PXE Network booting

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PXE, short for "Preboot Execution Environment", is a standard for booting clients using an operating system which is physically stored on some other computer on the network. The information required to boot over the network is typically served to the client by a DHCP server and the actual files are usually transferred using tftp.

Basic Example

There are many software options which can be used to serve PXE clients. dnsmasq is a really easy way to do it. It is available in all the distributions repositories. Install it with apt-get install dnsmasq or dnf install dnsmasq depending on what distribution you are using.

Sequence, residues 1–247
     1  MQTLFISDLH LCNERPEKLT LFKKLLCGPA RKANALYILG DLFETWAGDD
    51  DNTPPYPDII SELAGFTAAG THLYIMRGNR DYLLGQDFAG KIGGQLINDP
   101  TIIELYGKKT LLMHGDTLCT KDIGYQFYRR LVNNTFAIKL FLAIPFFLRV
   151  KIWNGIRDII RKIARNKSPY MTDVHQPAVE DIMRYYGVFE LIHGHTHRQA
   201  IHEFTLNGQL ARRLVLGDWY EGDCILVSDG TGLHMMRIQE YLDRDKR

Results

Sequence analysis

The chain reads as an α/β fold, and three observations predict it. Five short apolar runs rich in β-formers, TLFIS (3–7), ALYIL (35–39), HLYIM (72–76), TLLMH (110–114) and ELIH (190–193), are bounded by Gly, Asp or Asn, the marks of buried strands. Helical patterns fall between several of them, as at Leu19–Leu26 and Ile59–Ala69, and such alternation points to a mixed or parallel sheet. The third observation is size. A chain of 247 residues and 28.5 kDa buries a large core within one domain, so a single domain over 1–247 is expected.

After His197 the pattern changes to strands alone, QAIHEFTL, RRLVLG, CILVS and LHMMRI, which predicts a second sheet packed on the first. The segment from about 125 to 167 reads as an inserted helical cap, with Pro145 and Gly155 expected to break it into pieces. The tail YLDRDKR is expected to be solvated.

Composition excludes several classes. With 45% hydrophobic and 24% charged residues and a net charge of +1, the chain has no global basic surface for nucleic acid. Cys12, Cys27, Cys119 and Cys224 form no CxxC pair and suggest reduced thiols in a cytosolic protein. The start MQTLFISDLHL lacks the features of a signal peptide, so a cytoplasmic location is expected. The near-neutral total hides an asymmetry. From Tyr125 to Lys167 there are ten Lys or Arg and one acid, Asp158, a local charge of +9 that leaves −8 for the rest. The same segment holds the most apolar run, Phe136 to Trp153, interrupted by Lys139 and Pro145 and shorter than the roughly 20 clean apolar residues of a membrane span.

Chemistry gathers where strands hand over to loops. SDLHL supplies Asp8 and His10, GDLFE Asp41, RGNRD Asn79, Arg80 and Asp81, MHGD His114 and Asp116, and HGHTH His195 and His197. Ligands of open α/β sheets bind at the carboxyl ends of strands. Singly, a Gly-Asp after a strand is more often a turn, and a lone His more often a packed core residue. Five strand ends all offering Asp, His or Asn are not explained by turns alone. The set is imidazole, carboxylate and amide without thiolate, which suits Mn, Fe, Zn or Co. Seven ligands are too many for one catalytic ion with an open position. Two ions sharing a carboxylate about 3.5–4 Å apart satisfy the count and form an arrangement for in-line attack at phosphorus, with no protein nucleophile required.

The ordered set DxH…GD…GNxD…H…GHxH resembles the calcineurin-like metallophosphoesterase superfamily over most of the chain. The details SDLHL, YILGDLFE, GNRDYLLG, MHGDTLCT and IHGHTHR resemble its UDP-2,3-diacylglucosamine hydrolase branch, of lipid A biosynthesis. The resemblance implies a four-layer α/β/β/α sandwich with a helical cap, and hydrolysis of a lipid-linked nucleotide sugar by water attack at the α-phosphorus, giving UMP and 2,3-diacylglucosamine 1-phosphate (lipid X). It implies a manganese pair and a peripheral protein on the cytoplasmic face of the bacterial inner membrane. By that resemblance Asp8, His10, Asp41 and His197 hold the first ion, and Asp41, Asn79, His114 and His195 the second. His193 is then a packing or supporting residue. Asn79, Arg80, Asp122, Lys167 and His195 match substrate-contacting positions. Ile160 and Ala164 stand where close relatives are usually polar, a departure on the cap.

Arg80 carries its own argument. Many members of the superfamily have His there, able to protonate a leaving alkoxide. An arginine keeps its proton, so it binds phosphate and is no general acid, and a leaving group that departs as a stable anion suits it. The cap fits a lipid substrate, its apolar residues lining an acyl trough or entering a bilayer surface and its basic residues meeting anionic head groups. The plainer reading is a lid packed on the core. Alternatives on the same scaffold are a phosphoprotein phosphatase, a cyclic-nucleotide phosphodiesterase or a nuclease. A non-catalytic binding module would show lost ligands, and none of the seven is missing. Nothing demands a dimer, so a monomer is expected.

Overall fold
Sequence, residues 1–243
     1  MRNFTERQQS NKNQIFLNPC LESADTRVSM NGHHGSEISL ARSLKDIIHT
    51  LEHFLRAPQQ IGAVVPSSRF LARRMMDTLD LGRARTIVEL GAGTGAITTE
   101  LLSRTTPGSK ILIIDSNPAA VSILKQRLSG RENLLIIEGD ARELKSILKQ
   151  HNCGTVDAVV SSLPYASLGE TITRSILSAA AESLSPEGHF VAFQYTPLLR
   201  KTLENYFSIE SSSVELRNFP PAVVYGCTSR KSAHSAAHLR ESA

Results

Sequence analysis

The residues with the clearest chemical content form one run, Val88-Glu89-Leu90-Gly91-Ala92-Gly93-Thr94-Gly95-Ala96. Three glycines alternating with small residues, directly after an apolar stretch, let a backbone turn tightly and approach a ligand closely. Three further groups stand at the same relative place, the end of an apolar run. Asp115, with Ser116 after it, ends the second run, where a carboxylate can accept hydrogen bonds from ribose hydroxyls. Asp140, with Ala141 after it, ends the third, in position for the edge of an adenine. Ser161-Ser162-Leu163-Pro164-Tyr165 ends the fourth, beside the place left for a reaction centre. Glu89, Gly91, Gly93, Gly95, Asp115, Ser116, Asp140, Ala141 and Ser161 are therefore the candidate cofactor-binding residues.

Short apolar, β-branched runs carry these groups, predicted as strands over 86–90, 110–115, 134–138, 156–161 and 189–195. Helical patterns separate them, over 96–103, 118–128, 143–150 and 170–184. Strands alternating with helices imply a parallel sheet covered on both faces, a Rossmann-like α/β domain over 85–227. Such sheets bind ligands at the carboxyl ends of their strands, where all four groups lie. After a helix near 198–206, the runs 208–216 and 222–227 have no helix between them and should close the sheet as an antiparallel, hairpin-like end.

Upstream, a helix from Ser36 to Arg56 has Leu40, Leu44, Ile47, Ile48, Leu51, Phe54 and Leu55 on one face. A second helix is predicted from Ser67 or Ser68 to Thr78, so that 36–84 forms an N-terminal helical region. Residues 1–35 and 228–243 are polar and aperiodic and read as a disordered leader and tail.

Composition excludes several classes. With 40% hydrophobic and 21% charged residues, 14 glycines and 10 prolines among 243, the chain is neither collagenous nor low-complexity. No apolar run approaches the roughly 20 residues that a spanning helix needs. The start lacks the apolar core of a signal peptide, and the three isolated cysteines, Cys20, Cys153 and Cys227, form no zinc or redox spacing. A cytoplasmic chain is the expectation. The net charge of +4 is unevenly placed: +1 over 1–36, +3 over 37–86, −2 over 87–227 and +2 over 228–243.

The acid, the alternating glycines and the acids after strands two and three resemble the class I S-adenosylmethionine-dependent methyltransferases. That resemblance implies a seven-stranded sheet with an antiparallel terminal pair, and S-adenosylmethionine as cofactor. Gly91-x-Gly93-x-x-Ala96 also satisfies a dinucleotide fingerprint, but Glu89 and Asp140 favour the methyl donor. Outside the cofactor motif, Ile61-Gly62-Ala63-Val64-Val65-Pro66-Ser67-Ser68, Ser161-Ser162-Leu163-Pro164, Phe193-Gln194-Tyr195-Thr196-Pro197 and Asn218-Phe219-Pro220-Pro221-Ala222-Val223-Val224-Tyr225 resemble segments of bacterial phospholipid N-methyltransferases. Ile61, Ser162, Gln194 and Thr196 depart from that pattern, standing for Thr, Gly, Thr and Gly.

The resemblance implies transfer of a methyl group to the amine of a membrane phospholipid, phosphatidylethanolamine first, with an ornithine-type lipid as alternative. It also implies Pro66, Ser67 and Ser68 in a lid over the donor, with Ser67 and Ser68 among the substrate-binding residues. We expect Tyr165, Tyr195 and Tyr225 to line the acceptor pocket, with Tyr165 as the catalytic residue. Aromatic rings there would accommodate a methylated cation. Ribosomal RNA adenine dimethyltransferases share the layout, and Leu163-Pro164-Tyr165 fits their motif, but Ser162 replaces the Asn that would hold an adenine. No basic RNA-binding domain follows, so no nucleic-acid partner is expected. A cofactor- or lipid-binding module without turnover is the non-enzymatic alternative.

dnsmasq is configured in the file /etc/dnsmasq.conf which can look like this when DHCP, TFTP and PXE booting is configured:

File: /etc/dnsmasq.conf
  • dhcp-option number 3 specifies the network gateway.
  • dhcp-option number 6 specifies the DNS servers which should be used.*
  • dhcp-boot= and enable-tftp and tftp-root= are the lines are important for serving PXE boot information.

Ensuring there is a image to boot

You need a special network boot image. Regular ISO images used by GNU/Linux distributions will not work. They typically offer a PXE option for either the installer or a live CD or both. The Debian installation image is available as a PXE capable image. It is named netboot.tar.gz. To enable it:

mkdir -p /tftpboot
cd /tftpboot
wget http://ftp.nl.debian.org/debian/dists/buster/main/installer-amd64/current/images/netboot/netboot.tar.gz
tar zxpf netboot.tar.gz
# rm netboot.tar.gz

Removing the file with rm netboot.tar.gz is optional. You may need it.

See also